Some common dog illnesses include parvovirus, distemper, kennel cough, adenovirus and leptospirosis. Parvovirus, colloquially called "parvo," is a contagious illness usually striking dogs ages 12 weeks to 3 years old, with symptoms that include a fever and eventually bloody diarrhea and vomiting that leads to dehydration and weakness. The virus is transmitted via canine bodily secretions; dogs can be vaccinated against parvo beginning at 6 weeks of age, notes PetMD.
Distemper is a type of illness in dogs that begins with symptoms of upper respiratory infection, including eye discharge and sneezing, and may lead to pneumonia or neurological issues. In its worst form, it can cause fatal brain damage. There is a vaccine for it, however, that's administered to puppies, notes PetMD.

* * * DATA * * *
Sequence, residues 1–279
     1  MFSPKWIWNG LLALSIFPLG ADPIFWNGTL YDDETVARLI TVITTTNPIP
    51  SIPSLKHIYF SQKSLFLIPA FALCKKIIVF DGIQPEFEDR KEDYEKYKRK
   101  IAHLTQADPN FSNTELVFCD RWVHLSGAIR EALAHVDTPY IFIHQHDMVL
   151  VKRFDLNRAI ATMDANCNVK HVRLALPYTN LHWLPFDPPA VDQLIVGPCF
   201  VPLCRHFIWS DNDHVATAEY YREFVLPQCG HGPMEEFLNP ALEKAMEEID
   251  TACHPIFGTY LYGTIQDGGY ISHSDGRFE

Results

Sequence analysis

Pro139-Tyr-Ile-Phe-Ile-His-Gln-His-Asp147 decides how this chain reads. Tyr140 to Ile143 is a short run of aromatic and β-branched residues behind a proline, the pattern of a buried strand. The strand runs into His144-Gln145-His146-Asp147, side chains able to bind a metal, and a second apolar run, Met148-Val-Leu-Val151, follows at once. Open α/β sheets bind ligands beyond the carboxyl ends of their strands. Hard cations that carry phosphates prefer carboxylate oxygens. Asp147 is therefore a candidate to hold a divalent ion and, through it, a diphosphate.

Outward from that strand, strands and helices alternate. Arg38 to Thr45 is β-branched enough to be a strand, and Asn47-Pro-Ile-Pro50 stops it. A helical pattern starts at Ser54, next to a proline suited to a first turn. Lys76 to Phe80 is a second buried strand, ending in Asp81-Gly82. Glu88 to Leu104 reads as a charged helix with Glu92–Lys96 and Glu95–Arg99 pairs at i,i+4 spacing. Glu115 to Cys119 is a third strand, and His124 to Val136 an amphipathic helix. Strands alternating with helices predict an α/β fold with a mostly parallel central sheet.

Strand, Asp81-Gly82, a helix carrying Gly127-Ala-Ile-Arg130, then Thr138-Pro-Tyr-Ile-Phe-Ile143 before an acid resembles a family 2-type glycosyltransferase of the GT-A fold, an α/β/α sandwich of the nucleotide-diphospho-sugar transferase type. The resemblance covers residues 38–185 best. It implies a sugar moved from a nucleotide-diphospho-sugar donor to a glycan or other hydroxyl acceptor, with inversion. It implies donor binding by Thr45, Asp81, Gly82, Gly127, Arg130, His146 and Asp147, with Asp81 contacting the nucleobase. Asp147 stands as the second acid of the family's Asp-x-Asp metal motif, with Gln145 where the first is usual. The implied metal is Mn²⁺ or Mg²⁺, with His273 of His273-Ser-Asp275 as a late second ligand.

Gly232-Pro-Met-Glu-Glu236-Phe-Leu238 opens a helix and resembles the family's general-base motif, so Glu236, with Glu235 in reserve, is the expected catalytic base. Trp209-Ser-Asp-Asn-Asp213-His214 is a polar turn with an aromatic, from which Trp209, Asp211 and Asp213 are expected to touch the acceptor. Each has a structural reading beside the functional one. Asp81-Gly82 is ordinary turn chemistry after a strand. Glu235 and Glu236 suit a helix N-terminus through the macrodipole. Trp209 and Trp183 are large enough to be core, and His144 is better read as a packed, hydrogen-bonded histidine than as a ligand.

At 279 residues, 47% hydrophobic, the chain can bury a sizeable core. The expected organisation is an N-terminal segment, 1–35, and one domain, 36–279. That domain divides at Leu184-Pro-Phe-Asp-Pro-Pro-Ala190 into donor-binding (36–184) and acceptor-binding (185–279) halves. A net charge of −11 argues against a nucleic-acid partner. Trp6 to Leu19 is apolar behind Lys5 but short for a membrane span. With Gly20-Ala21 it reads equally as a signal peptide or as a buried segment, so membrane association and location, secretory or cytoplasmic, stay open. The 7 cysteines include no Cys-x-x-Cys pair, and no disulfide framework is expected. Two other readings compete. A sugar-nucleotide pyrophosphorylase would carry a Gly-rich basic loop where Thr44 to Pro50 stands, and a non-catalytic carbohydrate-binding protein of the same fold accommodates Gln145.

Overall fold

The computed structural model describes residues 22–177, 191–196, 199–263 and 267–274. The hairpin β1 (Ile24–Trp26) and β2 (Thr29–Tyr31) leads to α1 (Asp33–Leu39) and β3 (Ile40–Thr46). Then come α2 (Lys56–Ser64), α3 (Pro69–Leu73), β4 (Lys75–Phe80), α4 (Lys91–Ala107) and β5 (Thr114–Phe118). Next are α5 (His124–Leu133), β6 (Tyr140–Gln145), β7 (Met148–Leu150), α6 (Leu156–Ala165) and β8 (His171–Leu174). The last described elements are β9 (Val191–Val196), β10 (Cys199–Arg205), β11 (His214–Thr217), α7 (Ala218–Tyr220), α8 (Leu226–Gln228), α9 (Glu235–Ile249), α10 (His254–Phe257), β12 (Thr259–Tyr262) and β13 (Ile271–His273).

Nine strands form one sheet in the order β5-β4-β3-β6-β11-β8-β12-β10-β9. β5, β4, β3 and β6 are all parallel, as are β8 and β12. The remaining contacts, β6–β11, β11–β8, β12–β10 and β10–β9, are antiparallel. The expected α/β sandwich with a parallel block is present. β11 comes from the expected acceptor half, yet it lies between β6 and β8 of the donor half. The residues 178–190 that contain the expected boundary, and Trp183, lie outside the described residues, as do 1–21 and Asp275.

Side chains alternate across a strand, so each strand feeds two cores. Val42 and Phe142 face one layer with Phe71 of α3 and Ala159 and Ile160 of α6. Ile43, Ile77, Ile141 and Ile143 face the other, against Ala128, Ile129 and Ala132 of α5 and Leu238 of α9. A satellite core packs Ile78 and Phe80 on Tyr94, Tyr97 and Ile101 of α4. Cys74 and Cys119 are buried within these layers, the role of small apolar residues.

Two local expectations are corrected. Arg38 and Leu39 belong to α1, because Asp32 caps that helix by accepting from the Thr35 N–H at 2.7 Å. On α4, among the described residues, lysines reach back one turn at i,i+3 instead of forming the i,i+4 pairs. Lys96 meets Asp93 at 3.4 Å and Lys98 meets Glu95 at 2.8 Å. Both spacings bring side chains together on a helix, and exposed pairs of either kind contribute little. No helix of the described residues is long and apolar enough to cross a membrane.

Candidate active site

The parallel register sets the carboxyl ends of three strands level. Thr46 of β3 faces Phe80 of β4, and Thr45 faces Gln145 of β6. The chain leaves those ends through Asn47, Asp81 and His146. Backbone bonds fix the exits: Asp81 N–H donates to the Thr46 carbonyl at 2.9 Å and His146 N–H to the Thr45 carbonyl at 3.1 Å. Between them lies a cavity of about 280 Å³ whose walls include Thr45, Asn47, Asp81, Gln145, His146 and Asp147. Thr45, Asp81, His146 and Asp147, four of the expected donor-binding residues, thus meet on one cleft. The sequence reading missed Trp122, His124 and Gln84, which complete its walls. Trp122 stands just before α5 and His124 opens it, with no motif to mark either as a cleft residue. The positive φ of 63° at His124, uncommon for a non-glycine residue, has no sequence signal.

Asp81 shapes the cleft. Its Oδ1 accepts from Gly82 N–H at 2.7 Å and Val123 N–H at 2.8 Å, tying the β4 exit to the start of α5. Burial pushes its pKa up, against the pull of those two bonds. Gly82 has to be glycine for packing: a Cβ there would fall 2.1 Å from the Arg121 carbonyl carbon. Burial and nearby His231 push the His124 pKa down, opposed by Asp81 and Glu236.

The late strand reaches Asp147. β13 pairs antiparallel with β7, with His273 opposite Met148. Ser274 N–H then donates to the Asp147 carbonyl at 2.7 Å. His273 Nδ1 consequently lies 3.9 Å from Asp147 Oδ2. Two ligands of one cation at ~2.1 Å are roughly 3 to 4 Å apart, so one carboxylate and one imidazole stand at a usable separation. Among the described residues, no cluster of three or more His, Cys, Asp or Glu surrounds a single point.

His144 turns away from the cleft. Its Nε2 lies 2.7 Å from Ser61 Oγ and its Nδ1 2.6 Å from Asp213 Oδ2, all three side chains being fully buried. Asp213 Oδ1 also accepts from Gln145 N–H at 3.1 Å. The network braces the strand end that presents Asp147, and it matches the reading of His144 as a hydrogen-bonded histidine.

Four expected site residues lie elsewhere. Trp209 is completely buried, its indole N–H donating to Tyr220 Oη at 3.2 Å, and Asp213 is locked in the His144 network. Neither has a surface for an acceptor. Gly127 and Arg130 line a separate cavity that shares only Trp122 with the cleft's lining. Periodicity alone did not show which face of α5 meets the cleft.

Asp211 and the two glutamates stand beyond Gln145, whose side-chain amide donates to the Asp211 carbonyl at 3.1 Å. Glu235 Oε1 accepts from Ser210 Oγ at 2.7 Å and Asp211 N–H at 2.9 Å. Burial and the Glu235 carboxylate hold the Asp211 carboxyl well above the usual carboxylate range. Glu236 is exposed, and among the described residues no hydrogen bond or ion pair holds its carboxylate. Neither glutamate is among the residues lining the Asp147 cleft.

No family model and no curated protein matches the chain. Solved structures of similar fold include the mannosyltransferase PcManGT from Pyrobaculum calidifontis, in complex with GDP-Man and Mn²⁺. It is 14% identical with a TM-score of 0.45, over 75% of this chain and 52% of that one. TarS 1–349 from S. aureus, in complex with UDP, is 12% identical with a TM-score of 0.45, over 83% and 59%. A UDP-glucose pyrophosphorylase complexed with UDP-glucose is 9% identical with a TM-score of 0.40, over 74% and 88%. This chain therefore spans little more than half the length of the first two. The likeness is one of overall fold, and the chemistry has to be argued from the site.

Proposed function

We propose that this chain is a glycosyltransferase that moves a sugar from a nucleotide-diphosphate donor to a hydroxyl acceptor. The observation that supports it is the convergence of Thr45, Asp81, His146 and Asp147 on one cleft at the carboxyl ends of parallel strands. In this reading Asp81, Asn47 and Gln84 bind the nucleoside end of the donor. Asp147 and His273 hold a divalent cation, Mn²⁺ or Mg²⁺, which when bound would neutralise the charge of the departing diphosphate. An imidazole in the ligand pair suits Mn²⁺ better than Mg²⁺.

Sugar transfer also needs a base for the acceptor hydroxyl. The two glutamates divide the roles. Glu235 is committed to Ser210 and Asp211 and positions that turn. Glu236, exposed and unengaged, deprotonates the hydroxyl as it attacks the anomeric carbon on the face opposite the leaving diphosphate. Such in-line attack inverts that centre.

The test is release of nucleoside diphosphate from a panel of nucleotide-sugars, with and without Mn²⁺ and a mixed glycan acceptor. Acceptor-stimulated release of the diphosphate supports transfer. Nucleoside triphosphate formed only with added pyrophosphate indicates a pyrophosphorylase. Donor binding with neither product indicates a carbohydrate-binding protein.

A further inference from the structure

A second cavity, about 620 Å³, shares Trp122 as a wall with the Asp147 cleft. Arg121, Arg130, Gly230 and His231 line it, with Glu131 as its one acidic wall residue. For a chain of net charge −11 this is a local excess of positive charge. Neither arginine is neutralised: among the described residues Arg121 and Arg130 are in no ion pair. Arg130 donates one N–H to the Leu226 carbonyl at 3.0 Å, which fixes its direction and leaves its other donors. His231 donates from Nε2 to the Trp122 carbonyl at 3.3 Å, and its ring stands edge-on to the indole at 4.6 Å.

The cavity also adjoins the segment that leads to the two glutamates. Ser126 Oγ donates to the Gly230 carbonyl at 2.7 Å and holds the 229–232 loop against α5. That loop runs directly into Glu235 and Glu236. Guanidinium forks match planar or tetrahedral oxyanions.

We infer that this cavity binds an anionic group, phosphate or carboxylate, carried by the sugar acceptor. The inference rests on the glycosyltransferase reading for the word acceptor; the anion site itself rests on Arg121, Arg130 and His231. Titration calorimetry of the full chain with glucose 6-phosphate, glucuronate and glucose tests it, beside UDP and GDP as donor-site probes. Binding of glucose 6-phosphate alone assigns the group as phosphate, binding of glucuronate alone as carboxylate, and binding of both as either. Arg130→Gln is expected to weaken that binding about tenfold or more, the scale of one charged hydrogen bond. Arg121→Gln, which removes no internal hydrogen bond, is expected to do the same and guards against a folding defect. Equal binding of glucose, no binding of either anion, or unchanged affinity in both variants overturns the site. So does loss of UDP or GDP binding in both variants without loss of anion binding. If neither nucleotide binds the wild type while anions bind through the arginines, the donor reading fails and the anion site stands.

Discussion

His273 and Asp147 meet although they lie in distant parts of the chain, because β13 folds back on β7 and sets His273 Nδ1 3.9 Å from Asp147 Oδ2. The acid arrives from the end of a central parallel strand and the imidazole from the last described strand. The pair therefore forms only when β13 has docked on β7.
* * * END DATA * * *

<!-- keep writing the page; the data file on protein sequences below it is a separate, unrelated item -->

Kennel cough, which is also contagious, causes lethargy, fever and decreased appetite. As the illness progresses, dogs develop a deep cough that may lead to pneumonia.
Adenovirus is canine hepatitis, although it is rarely seen in modern veterinary medicine. The symptoms of this illness are hard to detect, but often begins with vomiting and diarrhea and leads to jaundice.
Leptospirosis is a type of canine bacterial infection usually transmitted from infected urine or contaminated water. Symptoms include fever, lethargy and vomiting. A vaccine for this disease is also available, but not all clinics offer it.